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Popular Egyptian CinemaGender, Class, and Nation$
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Viola Shafik

Print publication date: 2007

Print ISBN-13: 9789774160530

Published to Cairo Scholarship Online: September 2011

DOI: 10.5743/cairo/9789774160530.001.0001

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Feminism and Femininity

Feminism and Femininity

Chapter:
(p.119) Chapter 3 Feminism and Femininity
Source:
Popular Egyptian Cinema
Author(s):

Viola Shafik

Publisher:
American University in Cairo Press
DOI:10.5743/cairo/9789774160530.003.0004

The status of women and the issue of gender inequality have been among the most negotiated and controversial of questions relating to modern Arab-Muslim culture. By reviewing and comparing Islamist and modernist discourses, scholars have been able to work out their common undercurrent, often heavily gendered antagonization of East and West, progress and underdevelopment, acculturation and traditionality. Feminism and femininity were first polarized through the idea of female labor. The Nasserist period brought about a distinct, though not really dominant, politically committed cinema that voiced nationalist, socialist, and also feminist interests, in often contradictory ways. Female liberation and the prise de conscience are thus additionally mapped out as part of the nationalist agenda. The French Revolution leaders mobilized women in large numbers to create an “image of a national alliance of comrades in arms, mothers, sisters, and children.”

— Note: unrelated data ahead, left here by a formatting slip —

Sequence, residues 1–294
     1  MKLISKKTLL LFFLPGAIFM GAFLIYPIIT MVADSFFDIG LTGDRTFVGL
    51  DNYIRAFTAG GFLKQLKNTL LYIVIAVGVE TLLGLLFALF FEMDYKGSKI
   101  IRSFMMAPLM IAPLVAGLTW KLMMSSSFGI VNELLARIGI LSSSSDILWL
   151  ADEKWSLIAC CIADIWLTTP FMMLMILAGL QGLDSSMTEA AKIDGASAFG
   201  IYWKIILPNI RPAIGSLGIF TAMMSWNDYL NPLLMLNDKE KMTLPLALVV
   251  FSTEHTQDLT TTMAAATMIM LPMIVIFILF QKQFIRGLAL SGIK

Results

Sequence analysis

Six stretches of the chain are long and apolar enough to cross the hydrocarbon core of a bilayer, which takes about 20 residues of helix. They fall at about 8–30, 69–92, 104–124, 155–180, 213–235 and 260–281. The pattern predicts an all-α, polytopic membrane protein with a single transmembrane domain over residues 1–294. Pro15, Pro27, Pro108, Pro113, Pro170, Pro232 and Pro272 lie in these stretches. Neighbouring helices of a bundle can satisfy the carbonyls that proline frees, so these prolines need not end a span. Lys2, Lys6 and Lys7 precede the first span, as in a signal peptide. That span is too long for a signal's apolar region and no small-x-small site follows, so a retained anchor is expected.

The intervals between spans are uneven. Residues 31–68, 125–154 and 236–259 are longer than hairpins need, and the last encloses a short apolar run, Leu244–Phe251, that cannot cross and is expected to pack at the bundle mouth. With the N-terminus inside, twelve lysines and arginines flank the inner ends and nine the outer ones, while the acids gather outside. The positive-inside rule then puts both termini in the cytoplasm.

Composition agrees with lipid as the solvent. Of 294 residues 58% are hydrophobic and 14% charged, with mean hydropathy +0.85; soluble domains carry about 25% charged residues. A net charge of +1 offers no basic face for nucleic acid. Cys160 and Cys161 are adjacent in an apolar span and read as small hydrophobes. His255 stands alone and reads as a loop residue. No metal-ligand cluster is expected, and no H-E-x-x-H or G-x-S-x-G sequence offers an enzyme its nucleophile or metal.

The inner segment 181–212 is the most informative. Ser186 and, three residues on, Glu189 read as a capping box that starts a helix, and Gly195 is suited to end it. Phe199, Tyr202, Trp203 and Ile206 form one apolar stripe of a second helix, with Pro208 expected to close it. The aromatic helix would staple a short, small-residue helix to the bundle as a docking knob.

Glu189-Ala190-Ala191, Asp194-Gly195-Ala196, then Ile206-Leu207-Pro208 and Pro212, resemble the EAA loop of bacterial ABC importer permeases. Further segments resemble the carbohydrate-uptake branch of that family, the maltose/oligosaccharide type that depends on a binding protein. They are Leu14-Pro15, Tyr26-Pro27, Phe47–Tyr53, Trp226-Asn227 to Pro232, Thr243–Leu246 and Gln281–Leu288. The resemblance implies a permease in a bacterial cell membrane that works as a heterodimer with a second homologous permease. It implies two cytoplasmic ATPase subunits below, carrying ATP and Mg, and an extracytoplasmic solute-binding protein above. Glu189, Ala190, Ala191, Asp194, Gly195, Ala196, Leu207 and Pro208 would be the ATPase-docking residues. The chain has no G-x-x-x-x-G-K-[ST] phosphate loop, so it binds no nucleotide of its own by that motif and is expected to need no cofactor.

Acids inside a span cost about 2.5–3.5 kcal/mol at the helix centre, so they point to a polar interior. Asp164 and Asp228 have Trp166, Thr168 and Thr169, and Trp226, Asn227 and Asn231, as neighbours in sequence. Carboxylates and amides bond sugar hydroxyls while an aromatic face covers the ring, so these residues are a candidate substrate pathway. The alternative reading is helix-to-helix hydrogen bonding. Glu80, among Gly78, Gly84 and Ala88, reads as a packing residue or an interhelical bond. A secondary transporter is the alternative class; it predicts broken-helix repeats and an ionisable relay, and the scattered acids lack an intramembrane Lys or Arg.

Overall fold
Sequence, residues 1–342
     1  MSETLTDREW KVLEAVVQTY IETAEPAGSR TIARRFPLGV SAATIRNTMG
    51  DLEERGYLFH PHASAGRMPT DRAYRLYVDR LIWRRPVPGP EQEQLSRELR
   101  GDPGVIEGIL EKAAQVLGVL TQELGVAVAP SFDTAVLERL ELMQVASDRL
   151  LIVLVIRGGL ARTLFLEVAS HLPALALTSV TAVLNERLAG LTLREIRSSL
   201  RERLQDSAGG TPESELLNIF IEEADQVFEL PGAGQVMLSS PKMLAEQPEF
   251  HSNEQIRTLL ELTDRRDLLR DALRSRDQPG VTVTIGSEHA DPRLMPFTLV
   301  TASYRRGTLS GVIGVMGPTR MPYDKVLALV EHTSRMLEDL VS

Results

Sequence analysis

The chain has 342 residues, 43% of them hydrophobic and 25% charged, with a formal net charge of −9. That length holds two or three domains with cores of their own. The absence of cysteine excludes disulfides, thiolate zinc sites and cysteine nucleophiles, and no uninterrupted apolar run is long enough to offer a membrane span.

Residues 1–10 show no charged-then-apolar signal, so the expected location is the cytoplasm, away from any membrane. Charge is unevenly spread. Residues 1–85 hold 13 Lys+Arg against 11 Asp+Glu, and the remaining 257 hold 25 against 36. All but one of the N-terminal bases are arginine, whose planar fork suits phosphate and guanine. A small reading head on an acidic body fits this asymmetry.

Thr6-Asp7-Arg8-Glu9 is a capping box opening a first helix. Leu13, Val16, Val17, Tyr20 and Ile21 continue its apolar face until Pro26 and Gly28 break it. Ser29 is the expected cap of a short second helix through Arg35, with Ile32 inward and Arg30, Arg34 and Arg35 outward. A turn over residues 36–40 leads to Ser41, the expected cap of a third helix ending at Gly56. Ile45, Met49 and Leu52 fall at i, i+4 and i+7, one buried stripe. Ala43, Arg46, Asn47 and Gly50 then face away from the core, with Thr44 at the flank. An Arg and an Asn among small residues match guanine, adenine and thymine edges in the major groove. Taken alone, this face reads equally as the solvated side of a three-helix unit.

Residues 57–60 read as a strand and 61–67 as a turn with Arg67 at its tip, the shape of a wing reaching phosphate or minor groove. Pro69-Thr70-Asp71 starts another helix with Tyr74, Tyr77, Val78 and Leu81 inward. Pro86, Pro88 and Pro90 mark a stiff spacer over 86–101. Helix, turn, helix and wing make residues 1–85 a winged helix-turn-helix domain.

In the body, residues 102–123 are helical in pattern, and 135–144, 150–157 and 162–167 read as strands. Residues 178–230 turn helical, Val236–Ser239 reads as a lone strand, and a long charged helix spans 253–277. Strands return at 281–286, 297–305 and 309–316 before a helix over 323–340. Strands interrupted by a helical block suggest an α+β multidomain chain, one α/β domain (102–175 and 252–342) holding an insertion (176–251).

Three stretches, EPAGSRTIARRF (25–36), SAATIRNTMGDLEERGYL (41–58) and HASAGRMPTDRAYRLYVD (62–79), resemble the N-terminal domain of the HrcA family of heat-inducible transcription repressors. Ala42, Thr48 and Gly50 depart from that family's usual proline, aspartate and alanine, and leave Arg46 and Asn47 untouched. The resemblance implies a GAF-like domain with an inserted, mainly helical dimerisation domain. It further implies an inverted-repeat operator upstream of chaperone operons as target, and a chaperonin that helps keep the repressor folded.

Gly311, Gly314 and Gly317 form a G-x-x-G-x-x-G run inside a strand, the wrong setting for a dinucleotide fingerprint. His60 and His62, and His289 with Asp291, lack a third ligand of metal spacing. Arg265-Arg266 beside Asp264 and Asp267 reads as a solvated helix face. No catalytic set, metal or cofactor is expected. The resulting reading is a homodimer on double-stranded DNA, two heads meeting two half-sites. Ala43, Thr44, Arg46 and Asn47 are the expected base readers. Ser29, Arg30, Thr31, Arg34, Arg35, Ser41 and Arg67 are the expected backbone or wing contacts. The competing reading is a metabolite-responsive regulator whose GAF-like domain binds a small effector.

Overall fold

Keywords:   women status, Arab-Muslim culture, feminism, femininity, female liberation

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